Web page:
While the compressor is the tool par excellence when it comes to treating the dynamics of an audio signal, you shouldn't forget that there are other types of processors that can prove just as effective or even more so, depending on the situation. Today, we'll take a look at one of such tools: the Transient Designer.
Transient processors are relatively recent devices. If my memory doesn't fail me, I think the first one was launched as a hardware rack unit by SPL in the late '90s, under the name Transient Designer. Ever since, its operating principles have been copied many times and you can now find plenty of plug-ins directly inspired by it.
But what is it, anyway? From the point of view of the user, transient processors are extremely simple devices, often limited to two pots: One that allows you to increase or reduce the transients of the processed signal, and the other one to control the sustain. If you consider the ease of use of this type of processor, it might seem redundant since, as we just saw, it is possible to obtain similar results with a compressor. Up to a certain point, that is. Don't forget that a compressor works with a threshold and, thus, its response depends on the level of the signal source. That's not the case with a transient processor and that's where its beauty resides!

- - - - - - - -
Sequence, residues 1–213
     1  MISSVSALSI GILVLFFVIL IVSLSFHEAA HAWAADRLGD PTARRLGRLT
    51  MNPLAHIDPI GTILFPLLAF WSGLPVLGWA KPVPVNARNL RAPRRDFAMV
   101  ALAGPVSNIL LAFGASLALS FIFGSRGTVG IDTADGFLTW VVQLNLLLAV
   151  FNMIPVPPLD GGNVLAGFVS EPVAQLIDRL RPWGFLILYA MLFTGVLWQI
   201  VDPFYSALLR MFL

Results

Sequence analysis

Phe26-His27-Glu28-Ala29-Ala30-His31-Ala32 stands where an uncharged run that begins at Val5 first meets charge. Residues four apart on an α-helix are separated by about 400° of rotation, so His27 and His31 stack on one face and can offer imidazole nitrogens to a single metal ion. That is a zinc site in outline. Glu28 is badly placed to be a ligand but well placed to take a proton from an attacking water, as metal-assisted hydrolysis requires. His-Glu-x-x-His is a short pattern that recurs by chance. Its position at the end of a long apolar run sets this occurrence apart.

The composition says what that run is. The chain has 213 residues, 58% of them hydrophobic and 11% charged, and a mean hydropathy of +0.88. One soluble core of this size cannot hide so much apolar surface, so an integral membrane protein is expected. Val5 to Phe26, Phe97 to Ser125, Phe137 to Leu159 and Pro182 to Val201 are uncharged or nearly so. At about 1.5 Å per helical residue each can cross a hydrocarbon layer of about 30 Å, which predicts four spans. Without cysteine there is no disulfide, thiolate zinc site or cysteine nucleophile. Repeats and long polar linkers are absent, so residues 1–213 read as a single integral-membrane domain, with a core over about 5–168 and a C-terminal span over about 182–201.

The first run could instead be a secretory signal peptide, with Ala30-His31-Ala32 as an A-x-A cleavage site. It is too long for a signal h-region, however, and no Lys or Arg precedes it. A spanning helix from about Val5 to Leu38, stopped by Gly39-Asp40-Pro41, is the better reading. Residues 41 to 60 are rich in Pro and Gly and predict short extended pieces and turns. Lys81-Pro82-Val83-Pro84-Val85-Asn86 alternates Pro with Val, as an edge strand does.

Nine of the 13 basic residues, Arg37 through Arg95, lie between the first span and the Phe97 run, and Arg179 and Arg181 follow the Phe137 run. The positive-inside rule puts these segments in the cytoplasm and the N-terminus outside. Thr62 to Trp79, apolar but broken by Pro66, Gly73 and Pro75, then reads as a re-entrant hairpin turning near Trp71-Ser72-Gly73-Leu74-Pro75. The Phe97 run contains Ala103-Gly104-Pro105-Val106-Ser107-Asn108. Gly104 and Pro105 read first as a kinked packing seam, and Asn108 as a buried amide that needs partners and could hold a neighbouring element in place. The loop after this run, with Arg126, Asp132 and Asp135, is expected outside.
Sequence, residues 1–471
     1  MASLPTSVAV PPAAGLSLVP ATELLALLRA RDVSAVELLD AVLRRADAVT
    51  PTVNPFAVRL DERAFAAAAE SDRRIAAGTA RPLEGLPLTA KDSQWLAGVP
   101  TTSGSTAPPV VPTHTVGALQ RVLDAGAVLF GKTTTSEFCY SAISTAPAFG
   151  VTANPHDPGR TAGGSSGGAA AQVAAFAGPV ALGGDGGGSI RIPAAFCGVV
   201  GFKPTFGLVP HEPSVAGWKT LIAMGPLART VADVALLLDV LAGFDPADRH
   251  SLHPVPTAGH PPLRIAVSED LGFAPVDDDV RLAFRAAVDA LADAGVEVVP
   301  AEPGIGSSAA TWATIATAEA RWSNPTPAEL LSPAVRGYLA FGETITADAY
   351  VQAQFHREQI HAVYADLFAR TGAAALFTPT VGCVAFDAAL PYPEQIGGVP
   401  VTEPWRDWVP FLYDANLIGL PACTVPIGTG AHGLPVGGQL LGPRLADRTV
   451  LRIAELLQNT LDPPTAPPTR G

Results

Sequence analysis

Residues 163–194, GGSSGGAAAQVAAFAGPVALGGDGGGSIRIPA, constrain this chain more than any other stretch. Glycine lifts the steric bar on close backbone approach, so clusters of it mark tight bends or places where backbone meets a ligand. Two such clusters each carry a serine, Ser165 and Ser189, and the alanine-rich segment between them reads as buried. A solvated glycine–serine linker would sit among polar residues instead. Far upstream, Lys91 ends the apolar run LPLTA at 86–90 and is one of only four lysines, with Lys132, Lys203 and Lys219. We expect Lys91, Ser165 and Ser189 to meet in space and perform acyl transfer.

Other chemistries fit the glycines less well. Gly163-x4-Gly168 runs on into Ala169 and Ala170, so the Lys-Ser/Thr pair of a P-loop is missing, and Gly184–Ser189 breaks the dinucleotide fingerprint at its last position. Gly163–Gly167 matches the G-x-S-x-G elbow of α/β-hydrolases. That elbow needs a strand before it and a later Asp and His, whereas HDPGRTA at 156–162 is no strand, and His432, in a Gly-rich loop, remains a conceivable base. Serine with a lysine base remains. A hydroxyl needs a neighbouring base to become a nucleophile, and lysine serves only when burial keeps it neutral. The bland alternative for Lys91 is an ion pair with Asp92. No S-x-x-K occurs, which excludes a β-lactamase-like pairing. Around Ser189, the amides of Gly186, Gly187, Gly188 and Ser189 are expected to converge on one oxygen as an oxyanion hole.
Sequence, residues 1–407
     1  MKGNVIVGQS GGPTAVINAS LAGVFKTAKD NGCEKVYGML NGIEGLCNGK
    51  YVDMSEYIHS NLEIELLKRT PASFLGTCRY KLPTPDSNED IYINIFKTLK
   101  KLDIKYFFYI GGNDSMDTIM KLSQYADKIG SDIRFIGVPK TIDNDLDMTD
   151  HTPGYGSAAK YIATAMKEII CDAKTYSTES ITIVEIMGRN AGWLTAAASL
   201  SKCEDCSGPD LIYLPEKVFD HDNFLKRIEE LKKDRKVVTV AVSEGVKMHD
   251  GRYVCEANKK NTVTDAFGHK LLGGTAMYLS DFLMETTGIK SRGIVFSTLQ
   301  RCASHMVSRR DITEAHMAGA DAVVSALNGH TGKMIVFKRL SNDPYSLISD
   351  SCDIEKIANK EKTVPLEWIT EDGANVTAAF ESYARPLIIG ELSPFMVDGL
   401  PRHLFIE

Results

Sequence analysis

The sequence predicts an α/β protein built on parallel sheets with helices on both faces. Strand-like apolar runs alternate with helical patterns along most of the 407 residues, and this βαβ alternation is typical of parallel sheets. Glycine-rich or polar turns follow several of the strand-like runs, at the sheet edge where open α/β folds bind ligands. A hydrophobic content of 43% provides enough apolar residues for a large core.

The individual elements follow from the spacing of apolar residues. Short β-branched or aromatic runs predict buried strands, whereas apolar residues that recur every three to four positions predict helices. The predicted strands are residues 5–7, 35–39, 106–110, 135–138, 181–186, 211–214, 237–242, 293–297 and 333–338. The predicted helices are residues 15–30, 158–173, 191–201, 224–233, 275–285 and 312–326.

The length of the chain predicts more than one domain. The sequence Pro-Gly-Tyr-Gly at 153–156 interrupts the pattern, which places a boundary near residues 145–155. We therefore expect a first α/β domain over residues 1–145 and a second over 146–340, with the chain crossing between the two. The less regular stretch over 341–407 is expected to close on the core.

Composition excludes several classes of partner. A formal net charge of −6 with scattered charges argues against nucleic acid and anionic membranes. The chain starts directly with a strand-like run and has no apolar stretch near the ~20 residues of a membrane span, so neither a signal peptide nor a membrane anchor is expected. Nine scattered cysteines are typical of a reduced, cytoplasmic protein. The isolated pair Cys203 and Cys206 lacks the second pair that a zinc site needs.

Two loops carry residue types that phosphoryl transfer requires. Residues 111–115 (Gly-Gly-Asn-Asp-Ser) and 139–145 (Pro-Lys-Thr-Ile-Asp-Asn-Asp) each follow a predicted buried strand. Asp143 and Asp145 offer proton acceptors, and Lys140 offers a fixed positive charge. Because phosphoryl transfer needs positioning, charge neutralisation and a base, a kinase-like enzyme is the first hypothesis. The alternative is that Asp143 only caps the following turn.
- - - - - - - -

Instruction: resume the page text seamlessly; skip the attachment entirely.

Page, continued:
A transient processor can prove very useful when you want to subtly balance the sustain and attack of a sound independently of the level variations during a song. Hence, playing dynamics and, thus, the musician's intentions are preserved, which is a good thing. Moreover, it's interesting to note that, unlike most compressors, transient processors do not color the sound at all.
While the Transient Designer might seem "magical" due to its simplicity and efficiency, you should use it with caution because it's very easy to abuse it, which can result in artifacts that are anything but musical.
Finally, it's not unusual that people end up using the best of both worlds by combining a transient processor and a compressor.
Tools of the trade
As I said before, there are lots of transient processor plug-ins out there. Here's a small and non-exhaustive list of paid and free options: